Note: Rebecca, the second of our new contributors, is in Beijing this summer on an internship with the Chinese Academy of Urban Planning and Design.
If you look at any brochure, map, or cycling resource guide published by Portland transportation or advocacy organizations, you are likely to be underwhelmed at the images of cyclists they contain. That’s on purpose. In America, where 50 years of car culture characterized cycling as either a pastime for small children or an extreme sport requiring electrolyte-replacement goo and an $8K road bike, cycling advocates are making a conscious effort to assert cycling as a safe, normal and economical part of the Average Jane’s day-to-day routine. Part of that effort includes being selective about imagery – for example, choosing to portray a person in casual clothes using their bike to run a grocery errand as opposed to a person who falls more towards the Performance end of the spectrum.
This differs from what you see in Beijing, where cycling advocates stage expos that showcase luxury racing bikes alongside Ferrari dealerships and the Beijing City Government partners with UCI to present prestigious road races like the Tour of Beijing rather than “everyman” events like Sunday Parkways. As millions of Chinese embrace cars as the status symbol signifying their membership in the emerging middle class, bicycles are largely seen as a reminder of a lifestyle that they are eager to leave behind. By presenting bicycling as an elite sport or recreational pastime of the ultra-wealthy, advocates seek to distance cycling from the old stigma and re-frame it as something more desirable to the younger generations. Imagery that might seem exclusive or elitist to mainstream Portland may be more appreciated in a culture that takes great pride in its recent economic success. Likewise, promoting cycling as a cheap, commonplace way to get around Beijing probably wouldn’t inspire a lot of interest among its residents.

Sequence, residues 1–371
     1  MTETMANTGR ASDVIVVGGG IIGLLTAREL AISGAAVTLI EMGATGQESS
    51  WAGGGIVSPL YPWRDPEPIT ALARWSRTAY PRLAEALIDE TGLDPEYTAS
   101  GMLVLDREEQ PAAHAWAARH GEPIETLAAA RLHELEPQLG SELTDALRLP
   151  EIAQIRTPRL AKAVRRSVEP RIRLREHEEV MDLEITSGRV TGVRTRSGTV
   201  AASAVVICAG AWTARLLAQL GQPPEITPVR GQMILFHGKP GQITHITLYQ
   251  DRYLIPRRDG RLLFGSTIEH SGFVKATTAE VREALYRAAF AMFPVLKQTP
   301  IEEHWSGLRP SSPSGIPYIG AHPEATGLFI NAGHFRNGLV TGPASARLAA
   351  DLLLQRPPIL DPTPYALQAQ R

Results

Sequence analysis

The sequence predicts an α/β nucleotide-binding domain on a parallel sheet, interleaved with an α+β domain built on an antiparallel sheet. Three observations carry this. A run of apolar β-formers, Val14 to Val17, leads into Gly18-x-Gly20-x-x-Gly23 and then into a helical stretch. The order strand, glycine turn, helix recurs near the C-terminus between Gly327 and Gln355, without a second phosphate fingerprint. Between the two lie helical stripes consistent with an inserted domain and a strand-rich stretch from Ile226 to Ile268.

It’s one example that underscores an important point for local advocacy groups as they try to reach beyond the majority culture in Portland, as the Community Cycling Center noted in their CCC’s Understanding Barriers to Cycling (PDF) report. Recognizing the values of minority and immigrant communities should be considered as important as addressing more tangible barriers (such as a lack of safe bike storage space), because the imagery and messages used to strike a positive chord with one group of people may not resonate with another.